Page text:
mental health awareness

Going Back to Therapy

In light of today being World Mental Health Day, I thought I would use this day to be open about my journey thus far and something I have not talked about too much. In June of this year, after extensive research, I decided to go back to therapy.

I don’t mean to say it as if it’s this big thing. It’s not. It’s a step for myself in the right direction, and it took a lot of courage to go back after some less than ideal experiences, previously.

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My Previous Experiences with Therapy

The first time I went to therapy was during my time in my undergrad when I was first diagnosed. I believe he was a psychiatrist and he was amazing. Maybe because I was vulnerable opening up about my symptoms, I felt comfortable telling him more about my life. He was the person I went to go see after my dad passed away. He was the person who helped me through three difficult years of living with a new diagnosis and all of the stresses I was dealing with at the time.

When I graduated, I was unable to continue to see him since he was at the school’s Wellness Centre. It’s awful. I can’t even remember his name. My nurse practitioner referred me to a free service through my family doctor if I wanted to continue seeking therapy. That lady ruined therapy for me. In just three sessions, I hated it. I felt so judged – a feeling I don’t think one should ever really feel during therapy. Not when you’re at your most vulnerable. I immediately shut down after my third session with her and stopped going for three years.

Why I Wanted to Go Back to Therapy

I decided to go back to therapy because my anxiety and depression were not in a good spot. My moods were all over the place. My thoughts were all over the place. Mood swings were wild. My physical health was suffering. I knew I couldn’t continue in the same routine. I needed something to change.

How I Found A Therapist 

The resource I used to find a therapist was Psychology Today. You can use the site to search for local mental health professionals in your area and read their bios to see what they specialize in, what kind of techniques they tend to use, and how much they charge. Many can be covered if you have insurance, but if you don’t have insurance, some charge on what is called a sliding scale – I tend to look for ones that have this as an option. I was interested in ones that specialized in areas such as anxiety, depression, and grief. I was also interested in developing more of a mind-body connection since I somaticize psychological symptoms into physical symptoms. I have found an excellent choice for me, which might not be best for you. We all may need different forms of help based on our needs.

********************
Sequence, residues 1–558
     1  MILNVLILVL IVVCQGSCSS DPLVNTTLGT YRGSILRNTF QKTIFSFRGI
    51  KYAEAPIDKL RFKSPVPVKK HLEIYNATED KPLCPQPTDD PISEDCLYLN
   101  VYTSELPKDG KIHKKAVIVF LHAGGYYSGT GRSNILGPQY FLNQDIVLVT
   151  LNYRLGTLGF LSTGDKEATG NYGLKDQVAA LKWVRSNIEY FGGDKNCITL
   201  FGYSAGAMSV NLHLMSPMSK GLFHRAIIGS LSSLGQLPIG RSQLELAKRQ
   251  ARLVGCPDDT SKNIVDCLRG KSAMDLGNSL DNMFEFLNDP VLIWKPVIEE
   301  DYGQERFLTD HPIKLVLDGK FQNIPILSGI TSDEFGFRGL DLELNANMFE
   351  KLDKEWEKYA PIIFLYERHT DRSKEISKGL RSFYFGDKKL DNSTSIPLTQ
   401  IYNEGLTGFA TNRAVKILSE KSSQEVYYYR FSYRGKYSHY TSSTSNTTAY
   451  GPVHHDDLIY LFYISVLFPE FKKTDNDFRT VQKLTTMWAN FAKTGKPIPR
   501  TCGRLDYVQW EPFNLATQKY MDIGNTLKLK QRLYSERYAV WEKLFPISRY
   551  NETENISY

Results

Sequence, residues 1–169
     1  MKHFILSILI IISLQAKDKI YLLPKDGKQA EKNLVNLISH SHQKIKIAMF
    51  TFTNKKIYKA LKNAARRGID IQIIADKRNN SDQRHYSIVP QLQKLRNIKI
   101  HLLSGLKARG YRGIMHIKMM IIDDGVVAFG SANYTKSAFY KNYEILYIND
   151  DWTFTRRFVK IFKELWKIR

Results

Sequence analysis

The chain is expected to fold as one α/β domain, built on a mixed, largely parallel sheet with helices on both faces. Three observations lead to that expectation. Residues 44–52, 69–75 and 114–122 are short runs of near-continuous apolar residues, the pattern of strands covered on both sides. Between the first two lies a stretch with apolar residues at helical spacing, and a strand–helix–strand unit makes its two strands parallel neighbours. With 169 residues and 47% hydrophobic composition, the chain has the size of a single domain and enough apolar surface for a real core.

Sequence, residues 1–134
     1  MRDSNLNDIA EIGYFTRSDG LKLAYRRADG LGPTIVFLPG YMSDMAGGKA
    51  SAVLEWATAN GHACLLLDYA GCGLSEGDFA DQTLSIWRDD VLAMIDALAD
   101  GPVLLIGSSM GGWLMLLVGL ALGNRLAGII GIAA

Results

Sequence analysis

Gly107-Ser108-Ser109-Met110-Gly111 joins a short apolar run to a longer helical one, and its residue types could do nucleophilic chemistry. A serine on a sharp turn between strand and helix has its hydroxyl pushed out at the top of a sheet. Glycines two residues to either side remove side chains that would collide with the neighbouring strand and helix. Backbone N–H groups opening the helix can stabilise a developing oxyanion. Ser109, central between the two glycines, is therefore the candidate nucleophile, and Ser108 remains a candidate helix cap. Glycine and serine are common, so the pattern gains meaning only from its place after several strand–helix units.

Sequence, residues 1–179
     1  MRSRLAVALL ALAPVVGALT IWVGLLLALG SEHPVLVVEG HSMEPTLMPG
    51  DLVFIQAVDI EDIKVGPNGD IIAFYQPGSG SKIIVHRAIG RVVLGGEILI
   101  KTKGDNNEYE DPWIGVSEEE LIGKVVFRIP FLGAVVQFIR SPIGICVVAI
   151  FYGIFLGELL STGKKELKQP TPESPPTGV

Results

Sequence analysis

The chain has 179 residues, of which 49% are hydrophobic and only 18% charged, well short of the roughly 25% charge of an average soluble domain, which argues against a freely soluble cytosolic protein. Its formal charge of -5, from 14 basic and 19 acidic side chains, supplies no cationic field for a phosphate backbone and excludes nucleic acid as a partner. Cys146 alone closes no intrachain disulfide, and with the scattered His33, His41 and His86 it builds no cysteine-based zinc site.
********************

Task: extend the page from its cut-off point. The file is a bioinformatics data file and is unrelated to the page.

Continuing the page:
What Sessions Are Like So Far

Since June, I have had 5 sessions. For my first session, my therapist did a hybrid of an “intake session” and an actual session so I could see if her methods fit with my expectations before going back to see her.

No one ever really tells you this but your first session feels like crap. I mean, I obviously found it valuable and have gone back since my first session. But for me, the first session was terrifying. I had to go to a new place, meet a new person, come in wearing my “people-person” smile and greetings, sit on a couch, and re-open wounds I thought I had healed but had really just patched with a band-aid. Although I’m not ready to disclose some of the things I talked about, I will say I cried so much in the first session. I cried happy tears, sad tears, and mad tears. I was all over the place yet again. But you know what? I left feeling so much lighter than when I had arrived. And every time I go, I feel a little bit lighter. She gives me strategies for getting through the days when I feel awful. She is an outlet to talk to things I have repressed from a very young age. I am listening to my body more. I am motivated to become a better version of myself.

The Stigma Around Therapy

Juan Pablo Galavis once said, “There’s a stigma on the word ‘therapy.’ People relate it to big problems. That’s something we have to change. Going to therapy can be very healthy. It can change the way you see things and treat others.”

Going to therapy shouldn’t be seen as this “big deal.” Just because you go to therapy, it doesn’t mean you’re mentally unstable. Sure, I may have a mental illness I’m living with, but you don’t NEED one to go to therapy. Therapy can be for everyone. It doesn’t mean you’re weak either. I am so strong for wanting to feel better. I’m proud of that. Psychology Today offers an article about The Stigma of Therapy that is worth reading.

If you are thinking about seeking help, know that you’re not alone. There are some excellent resources available through easy Google searches. We live in a world where there are e-counselling options. This is fantastic! You are not “crazy” for wanting to talk to someone. If you could be the best version of yourself, wouldn’t you want that? On World Mental Health Day, may we be reminded to continue to break the silence and fight the stigma.

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July Check-In

The month is just about halfway done so I thought I’d do a mid-month check-in to see how I’m doing so far in July.

Mental Health

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While I have not been super relaxed so far this summer, my anxiety has had its ups and downs thinking about the future. My dad’s words of “don’t worry about the things you can’t control” are being replayed in my mind but I can’t help but worry sometimes. I think that’s human nature amplified by the effects of living with anxiety. I haven’t had any major breakdowns and my best friends (and my boyfriend, who doubles as a best friend) have been absolutely amazing.

Goals

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I really didn’t set any specific goals this month, which is a bit unlike me. The only goal I had in mind was to enjoy my time not in school, work hard, and take some time to enjoy myself with the company of friends and family. I’d say I have done that so far. I’ve made plans with friends more after work and made more of an effort to check in on friends and see how they’re doing. I have also been reading more books for pleasure. This is often something I complain about not having the time for when I’m busy with school work.

Goals in mind for the upcoming weeks: